In a sparse checkout scenario, the command
git checkout . restores the directories that should be ignored. Is this by design, or a potential problem in Git? I’m using
git checkout . to discard any changes I’ve made to my working copy -- is there another command that will do the same and not suffer from this problem?
Here’s a reproducible example:
rm -rf test git init test cd test for f in a b c; do mkdir $f touch $f/$f git add $f/$f git commit -m "added $f" done git config core.sparsecheckout true echo a > .git/info/sparse-checkout echo b >> .git/info/sparse-checkout git read-tree -m -u HEAD ls<blockquote>
So far, so good. Here's the problem:
git checkout . ls<blockquote>
a b c</blockquote>
By the way:
git version 18.104.22.168</blockquote>
The question <a href="https://stackoverflow.com/questions/11148579/why-do-excluded-files-keep-reappearing-in-my-git-sparse-checkout" rel="nofollow">Why do excluded files keep reappearing in my git sparse checkout?</a> is related, but much older and doesn’t quite describe what I’m seeing.Answer1:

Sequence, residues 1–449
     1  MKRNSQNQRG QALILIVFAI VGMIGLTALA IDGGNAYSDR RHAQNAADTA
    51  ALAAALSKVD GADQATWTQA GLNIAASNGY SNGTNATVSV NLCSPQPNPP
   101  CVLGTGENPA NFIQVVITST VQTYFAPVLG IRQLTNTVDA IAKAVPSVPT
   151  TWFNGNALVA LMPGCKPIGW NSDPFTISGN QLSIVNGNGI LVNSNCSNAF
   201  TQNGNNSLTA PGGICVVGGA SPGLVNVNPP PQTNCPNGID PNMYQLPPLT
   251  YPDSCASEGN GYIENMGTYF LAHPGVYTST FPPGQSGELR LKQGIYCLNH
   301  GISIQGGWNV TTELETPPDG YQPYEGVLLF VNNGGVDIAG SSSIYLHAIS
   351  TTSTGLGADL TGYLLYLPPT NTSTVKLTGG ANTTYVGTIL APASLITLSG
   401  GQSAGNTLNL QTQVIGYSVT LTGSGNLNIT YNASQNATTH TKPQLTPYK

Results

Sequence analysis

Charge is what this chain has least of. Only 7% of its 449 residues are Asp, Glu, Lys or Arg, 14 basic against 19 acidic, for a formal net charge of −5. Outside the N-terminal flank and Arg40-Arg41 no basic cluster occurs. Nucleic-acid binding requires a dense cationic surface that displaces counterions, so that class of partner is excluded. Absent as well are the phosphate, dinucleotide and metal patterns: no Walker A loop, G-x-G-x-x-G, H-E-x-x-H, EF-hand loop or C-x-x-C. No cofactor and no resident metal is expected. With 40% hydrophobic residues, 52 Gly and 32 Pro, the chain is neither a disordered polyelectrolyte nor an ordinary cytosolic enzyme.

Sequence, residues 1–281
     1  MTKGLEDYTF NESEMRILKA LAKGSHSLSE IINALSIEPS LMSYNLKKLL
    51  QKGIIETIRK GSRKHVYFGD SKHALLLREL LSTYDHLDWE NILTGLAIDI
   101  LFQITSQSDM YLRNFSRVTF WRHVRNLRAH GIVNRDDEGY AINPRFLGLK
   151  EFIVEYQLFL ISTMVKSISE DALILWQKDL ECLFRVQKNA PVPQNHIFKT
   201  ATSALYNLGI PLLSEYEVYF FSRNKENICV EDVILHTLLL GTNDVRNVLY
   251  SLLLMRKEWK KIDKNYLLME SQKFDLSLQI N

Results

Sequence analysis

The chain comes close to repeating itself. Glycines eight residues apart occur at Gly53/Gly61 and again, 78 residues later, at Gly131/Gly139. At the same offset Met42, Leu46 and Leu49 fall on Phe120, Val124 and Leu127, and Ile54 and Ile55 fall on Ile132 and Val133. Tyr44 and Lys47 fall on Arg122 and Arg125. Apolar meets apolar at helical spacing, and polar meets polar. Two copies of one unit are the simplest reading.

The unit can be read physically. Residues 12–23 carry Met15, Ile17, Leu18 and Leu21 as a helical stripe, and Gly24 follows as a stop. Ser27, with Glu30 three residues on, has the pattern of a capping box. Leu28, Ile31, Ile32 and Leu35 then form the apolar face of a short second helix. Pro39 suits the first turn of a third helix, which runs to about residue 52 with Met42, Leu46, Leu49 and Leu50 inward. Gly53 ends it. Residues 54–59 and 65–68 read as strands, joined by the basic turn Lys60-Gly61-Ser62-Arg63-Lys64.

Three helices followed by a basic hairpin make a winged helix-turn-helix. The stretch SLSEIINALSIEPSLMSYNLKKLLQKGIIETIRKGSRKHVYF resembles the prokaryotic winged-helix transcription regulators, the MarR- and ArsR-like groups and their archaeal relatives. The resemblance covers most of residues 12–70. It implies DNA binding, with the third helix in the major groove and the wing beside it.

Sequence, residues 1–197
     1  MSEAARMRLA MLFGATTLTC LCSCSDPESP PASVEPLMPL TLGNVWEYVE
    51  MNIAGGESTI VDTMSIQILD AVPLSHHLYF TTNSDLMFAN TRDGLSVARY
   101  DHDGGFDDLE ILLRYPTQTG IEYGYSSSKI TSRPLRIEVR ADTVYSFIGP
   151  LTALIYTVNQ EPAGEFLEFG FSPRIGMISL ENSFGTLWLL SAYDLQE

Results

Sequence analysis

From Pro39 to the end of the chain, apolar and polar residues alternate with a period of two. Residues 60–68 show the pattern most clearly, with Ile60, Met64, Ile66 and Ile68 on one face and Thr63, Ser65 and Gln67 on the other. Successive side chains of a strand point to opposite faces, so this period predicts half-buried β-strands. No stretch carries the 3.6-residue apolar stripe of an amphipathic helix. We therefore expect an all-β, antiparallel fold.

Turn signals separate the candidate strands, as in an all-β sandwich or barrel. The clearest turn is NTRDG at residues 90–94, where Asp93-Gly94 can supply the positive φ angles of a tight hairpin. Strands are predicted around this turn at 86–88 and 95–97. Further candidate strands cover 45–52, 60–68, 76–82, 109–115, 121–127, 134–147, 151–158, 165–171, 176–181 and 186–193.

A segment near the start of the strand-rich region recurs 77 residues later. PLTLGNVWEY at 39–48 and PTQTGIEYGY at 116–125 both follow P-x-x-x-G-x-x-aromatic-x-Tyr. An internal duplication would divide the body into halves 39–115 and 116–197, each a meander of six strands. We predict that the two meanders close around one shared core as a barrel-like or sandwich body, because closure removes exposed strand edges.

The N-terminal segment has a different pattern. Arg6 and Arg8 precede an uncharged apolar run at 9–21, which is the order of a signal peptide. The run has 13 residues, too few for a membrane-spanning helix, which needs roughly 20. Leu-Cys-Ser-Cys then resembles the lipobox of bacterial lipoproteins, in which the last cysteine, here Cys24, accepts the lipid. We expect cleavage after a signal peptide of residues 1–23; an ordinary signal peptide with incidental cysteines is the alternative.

It's not by design. The behavior has <a href="https://git.coe.so/git/commit/?id=08d595dc1cdf6f0d8e6022a69c4fcdd2fba628cf" rel="nofollow">changed</a> in <a href="http://permalink.gmane.org/gmane.comp.version-control.git/224297" rel="nofollow">Git 1.8.3</a>.Answer2:
I’m pretty sure that is by design. You are actively ordering git to create all those file, so it does that. The correct command for going back to the state of the last commit is:
git reset --hard
That should also take your sparse checkout settings into account.